Manila Bay entertainment district take shape with the opening of City of Dreams Manila
City of Dreams Manila started small with its soft opening last December, with just the mass gaming floor unveiled along with a handful of food and beverage outlets. But the property’s elevated stage at the casino entrance, three international hotel brands and two famous name nightclubs say the first Macau casino operator in the Philippines aims to make a big splash.
“It’s the only casino here that resembles Vegas or Macau,” Manuel Gana, executive vice president and chief financial officer of property co-owner Belle Corporation said, noting the entertainment factor and accent on flashiness and fun. “Quality-wise, it’s on par with Solaire,” the first casino resort in Manila’s bay front Entertainment City casino district that opened in March 2013 and began rolling out its Phase 1-A expansion in November. City of Dreams Manila, “the gateway to Entertainment City,” as it styles itself, occupies 6.2 hectares at the city end of the burgeoning integrated resort cluster, where two more IRs are expected to open by 2018.
The sneak preview attracted an estimated 13,000 people to the resort with the slogan “Where everything is above all else.” And above all else in the center of the main casino floor sits the high-wattage Center Stage Bar featuring Philippine crooners, European dancers and lighting panels above that change color and can descend to envelop the stage, which also can rise and descend. The rectangular ground-level main gaming floor surrounds Center Stage, and is home to 120 of the facility’s 166 table games with minimums ranging from 300 to 3,000 Philippine pesos and most of the property’s 1,700 gaming machines. (PHP1 = US$0.02).
The roughly 5,000-square-meter gaming floor layout is spacious, the orientation is simple and the signage ample.
The casino’s upper level, featuring a 12-table poker area, links to the developing retail mall, DreamWorks indoor theme park and nightclub impresario Michael Van Cleef Ault’s Pangaea and Chaos, all expected to open before Chinese New Year. Also coming soon, the premium-mass Signature Club, an understatedly luxurious members-only space off the main floor, and VIP gaming areas.
Nobu, Hyatt and Crown Towers hotels with a total of around 900 rooms are all due to open by mid-February. The Nobu restaurant, featuring chef Nobu Matsuhisa’s signature dishes, did a lively business on opening night. The Nobu Hotel in Manila will be the star-studded group’s first in Asia, after Las Vegas and Riyadh. Hyatt began registering guests during Christmas week.
Melco Crown Entertainment operates the new resort, its first project outside Macau, where it owns the original City of Dreams resort, casino hotel Altira, Mocha Club slot parlors and expects to open Studio City Macau next year. Through a Philippine-listed subsidiary, the company jointly owns City of Dreams Manila with property developer Belle Corporation, part of the SM Group controlled by the family of the Philippines’ richest man, Henry Sy.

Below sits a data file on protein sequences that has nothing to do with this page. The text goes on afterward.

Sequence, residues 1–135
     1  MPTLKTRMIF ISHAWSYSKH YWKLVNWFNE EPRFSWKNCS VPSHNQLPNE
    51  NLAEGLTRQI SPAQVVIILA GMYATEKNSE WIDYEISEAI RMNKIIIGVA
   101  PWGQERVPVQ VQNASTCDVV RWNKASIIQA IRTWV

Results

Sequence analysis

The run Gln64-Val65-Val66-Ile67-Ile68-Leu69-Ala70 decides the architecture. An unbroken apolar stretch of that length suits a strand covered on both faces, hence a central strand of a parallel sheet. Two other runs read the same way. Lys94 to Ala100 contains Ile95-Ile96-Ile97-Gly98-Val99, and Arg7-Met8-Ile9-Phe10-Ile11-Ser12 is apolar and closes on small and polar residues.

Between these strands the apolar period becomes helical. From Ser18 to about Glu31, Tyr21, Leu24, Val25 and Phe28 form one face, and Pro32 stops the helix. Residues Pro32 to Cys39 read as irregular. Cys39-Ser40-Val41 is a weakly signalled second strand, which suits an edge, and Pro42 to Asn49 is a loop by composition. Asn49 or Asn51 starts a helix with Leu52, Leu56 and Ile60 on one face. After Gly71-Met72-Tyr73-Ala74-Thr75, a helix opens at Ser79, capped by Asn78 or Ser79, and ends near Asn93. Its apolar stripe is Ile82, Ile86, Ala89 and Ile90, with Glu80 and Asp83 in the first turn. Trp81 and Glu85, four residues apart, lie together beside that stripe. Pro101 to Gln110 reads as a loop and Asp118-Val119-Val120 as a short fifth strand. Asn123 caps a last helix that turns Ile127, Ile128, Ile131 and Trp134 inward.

In 2012, Melco Crown agreed to team with Belle on the casino side of the planned Belle Grand resort. “If we continued with our plan and built Belle Grand, it would have been five-star but not the unique facility we have now,” Gana said. “No one in SM Group ever operated a casino. That’s what Melco Crown brings to the table.”
In October 2013, Philippine regulator PAGCOR revised its formula to determine the number of gaming tables and machines permitted in licensed resorts based on hotel room count and room area, giving credit for lodging quality as well as quantity. The Belle-Melco Crown resort’s allotment jumped from 242 tables and a combined 1,450 slot machines and electronic table games to 374 tables, 1,695 slots and 1,695 e-tables. The change prompted Melco Crown to rebrand the resort as City of Dreams Manila, up the partnership’s combined investment to about $1.3 billion and take over operations.
“Quite simply, City of Dreams brings nearly a decade of Macau gaming know-how to a market that needs more international operators to set up shop in order to raise the profile of Philippines as a gaming destination,” said Grant Govertsen, managing partner for Union Gaming Research Macau. “That said, it isn’t clear that it will have an overnight impact. It’s important to remember that building a VIP business takes time and a lot of elbow grease. Mass market is not a slam dunk either, as other properties—especially Resorts World Manila—have a many year head start on capturing what is a fairly significant pool of local customers.”